“We’ve been impressed with the volume of some of the produce we’ve gotten,” Prater says. “I’ve always been on the botany/horticulture side of things, not necessarily agriculture. I’ve never really spent any time growing food for things other than myself, so it’s been really cool to know we’re producing good, quality, safe food for the animals we care for.”
There have been some unexpected beneficiaries of the gardening program.
In the River Journey building’s Flooded Amazon exhibit, Aquarium guests can see enormous Pacu, a South American fish. These natives of the Amazon River can reach lengths of up to three feet and weigh more than 60 pounds. A generalist eater, Pacu will feast on almost anything that enters the water, including fruits and vegetables falling from overhanging branches.
Thanks to Nash and Prater, the Aquarium’s Pacu have become connoisseurs of organic produce. Any cherry tomatoes or jilós tossed into the exhibit disappear practically the moment they touch the water’s surface.
About once a week, Nash or Prater make special deliveries of greens to the specialists who care for the shelled and furry residents of the Aquarium’s Lemur Forest exhibit.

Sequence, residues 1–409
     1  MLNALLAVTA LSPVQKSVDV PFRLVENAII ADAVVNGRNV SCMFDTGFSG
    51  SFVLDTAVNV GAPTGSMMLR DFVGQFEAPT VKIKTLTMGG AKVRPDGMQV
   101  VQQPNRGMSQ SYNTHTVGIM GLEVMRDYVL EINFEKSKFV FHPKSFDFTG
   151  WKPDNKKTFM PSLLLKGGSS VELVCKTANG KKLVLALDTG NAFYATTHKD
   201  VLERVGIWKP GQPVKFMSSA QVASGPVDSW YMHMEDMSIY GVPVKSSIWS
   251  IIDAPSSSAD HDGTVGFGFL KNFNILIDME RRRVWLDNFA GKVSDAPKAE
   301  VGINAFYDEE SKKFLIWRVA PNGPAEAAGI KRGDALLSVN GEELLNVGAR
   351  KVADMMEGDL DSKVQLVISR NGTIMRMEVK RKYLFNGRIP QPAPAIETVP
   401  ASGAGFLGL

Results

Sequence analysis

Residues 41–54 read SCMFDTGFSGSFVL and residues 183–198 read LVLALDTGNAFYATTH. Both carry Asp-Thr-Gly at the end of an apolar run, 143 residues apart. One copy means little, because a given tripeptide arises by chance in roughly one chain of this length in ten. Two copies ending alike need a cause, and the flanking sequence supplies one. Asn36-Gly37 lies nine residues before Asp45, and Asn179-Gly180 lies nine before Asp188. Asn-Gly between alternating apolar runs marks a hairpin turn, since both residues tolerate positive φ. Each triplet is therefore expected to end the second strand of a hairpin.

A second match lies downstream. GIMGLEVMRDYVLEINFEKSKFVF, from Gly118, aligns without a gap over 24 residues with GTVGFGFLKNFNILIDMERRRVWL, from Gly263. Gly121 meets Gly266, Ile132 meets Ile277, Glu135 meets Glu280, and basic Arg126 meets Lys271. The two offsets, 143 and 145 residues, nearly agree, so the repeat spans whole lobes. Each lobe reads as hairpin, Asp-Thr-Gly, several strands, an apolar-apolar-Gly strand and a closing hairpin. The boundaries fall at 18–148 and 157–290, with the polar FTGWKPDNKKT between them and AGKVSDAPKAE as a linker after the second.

In Madagascar, vegetation tends to have lower sugar content due to its comparatively nutrient-poor soil. At the Aquarium, Red-collared Brown, Red-ruffed, and Ring-tailed Lemurs have developed an especial fondness for romaine lettuce ordered by their caretakers. Despite being a vegetable, this favorite of salad lovers has even higher sugar content than Malagasy fruits thanks to growing in North America’s rich soil.
Romaine is a vital line item on the Aquarium’s dietary budget. However, when it comes to pure nutritional value, nothing beats straight-from-the-greenhouse offerings like the ones Nash and Prater bring by, says Senior Animal Care Specialist Maggie Sipe.
Tennessee Aquarium Senior Horticulturist Charlene Nash clips greens in an off-site greenhouse facility.
“The Radiated Tortoises especially appreciate it,” she says. “They go kind of crazy for these fresh greens, which is great to see since they’re higher in the calcium and other nutrients they really need.”